Grade 12, University Preparation (MHF4U)
CourseTitle: Advanced Functions, Grade 12, University Preparation(MHF4U)
CourseType: University Preparation
Prerequisite: Functions, Grade 11, University Preparation or Mathematics for College Technology for CollegeTechnology
Curriculum Policy Document: Mathematics, The Ontario Curriculum, Grades 11 and 12, 2010 (Revised)
This course extends students’ experience with functions. Students will investigate the propertiesof polynomial, rational, logarithmic, and trigonometric functions; develop techniques for combining functions; broaden their understanding of rates of change; and develop facility in applying these concepts and skills. Students will also refine their use of the mathematical processes necessary for success in senior mathematics. This course is intended both for students taking the Calculus and Vectors course as a prerequisite for a university program and for those wishing to consolidatetheir understanding of mathematics before proceeding to any one of a variety of universityprograms.
Titles and Descriptions
Time and Sequence
Basic Skills Review
Many situations can be modeled graphically. Interpreting those graphs is something that requires you to become familiar with all of the aspects of these graphs. Students will recall a few basic facts of a distance time graph. In previous math courses, students saw some transformations and studied their effects on a given graph. These will also be reviewed. Finally, the concepts of function notation, relation, range, domain, and function notation will all be reviewed.
In this unit, students learn to identify and describe characteristics of polynomial functions including key features of their graphs and the relationship between finite differences and equations. The connection between equations and graphs of polynomial functions will also beexamined.
Equation-solving skills and graphing skills are combined to solve polynomial equations and inequalities. The relationship between the Remainder Theorem and the Factor Theorem is identified. Techniques for factoring polynomial functions of degree greater than two are examined and also applied to determine the roots of polynomial equations. Families of polynomial functions are analyzed. Finally, inequalities are solved graphically using technology, and algebraic methods for solving factorable polynomial inequalities.
In this Unit, students learn to analyse properties of those rational functions created by taking the reciprocal of linear functions and quadratic functions. The equations and key features of the graphs of these rational functions are analyzed. Different forms of rational functions are explored, and solved using a variety of methods, such as algebraically and using technology. Finally, connections between real-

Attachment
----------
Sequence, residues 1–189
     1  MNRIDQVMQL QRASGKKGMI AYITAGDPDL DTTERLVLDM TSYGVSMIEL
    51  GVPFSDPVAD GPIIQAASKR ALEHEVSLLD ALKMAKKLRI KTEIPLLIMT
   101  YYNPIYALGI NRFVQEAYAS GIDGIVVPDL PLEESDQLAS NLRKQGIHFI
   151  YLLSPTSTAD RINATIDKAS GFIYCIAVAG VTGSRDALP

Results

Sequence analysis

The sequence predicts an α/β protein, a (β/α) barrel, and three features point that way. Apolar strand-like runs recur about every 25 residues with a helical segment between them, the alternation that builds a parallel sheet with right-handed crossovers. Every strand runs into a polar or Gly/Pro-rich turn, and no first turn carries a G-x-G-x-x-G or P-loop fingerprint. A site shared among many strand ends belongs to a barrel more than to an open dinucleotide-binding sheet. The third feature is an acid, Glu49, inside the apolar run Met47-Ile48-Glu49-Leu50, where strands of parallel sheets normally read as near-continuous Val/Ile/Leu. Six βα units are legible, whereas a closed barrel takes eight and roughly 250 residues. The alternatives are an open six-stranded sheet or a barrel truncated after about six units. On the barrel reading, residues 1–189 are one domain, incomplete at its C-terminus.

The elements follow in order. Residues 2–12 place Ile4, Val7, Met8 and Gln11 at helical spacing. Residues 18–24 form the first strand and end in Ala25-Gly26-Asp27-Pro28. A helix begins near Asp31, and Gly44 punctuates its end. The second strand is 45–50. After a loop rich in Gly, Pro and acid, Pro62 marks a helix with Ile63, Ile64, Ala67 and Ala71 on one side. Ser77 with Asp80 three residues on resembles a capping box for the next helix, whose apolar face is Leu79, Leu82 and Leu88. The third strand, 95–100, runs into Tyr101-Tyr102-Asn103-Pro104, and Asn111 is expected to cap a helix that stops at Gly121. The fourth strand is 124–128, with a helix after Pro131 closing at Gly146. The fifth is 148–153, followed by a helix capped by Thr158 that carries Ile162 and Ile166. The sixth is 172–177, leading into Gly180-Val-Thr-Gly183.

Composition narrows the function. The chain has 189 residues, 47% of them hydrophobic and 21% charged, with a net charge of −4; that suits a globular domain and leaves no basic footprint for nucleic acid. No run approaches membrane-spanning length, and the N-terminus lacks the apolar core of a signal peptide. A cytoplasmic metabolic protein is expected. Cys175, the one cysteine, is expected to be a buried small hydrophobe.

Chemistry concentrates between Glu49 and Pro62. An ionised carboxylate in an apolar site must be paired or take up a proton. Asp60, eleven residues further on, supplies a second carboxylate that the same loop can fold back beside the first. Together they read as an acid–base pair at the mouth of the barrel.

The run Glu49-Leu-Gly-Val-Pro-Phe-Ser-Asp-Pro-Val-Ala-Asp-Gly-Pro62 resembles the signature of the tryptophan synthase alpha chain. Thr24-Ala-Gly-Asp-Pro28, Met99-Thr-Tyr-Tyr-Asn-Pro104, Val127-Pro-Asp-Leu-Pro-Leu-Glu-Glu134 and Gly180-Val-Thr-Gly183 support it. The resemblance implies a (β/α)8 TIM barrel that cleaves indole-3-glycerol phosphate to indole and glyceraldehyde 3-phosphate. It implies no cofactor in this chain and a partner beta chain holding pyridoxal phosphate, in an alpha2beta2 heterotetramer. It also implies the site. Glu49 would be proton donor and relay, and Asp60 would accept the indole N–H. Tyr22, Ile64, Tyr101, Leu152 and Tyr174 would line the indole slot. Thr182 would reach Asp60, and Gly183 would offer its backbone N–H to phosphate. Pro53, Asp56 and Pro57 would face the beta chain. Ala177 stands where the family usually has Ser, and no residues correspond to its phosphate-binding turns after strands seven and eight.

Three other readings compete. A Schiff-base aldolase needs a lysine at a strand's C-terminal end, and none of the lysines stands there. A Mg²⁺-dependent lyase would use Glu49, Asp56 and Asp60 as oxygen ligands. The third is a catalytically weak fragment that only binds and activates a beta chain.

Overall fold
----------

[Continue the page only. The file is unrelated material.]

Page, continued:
world situations and rational functions are explored through problem solving.
In this unit, students his unit begins by studying trigonometry concepts and then applies these concepts to analyze trigonometric functions. The graphs of the sine, cosine, and tangent functions are analyzed and their key features are identified. Transformations of these graphs will also be examined. Finally, trigonometric equations are solved by combining factoring techniques with knowledge of trigonometric ratios of special angles.
Exponential and Logarithmic Functions
In this unit students study the exponential function and its inverse, including writing equations to fit data and graphing inverse functions. Then, logarithms and transformations of logarithmic functions are explored. The power law of logarithms is examined, including solving problems, evaluating logarithms, and graphing logarithmic functions. Problems and applications connecting logarithms and the physical sciences will be solved. Techniques to solve exponential equations are investigated and applied. The Product and Quotient Laws of logarithms are studied and techniques to solve logarithmic equations are demonstrated. Finally, mathematical modeling with exponential and logarithmic equations is examined to solve problems.
Characteristics of Functions
This unit develops students understanding of average and instantaneous rate of change, both numerically and graphically, and how to interpret the average rate of change of a function over a given interval and the instantaneous rate of change of a function at a given point. Students will be taught how to determine functions that result from the addition, subtraction, multiplication, and division of two functions and from the composition of two functions, to describe some properties of the resulting functions, and to solve related problems. The unit helps students discover how to compare the characteristics of functions, and solve problems by modeling and reasoning with functions, including problems with solutions that are not accessible by standard algebraic techniques.
The final assessment task is a three hour exam worth 30% of the student’s final mark.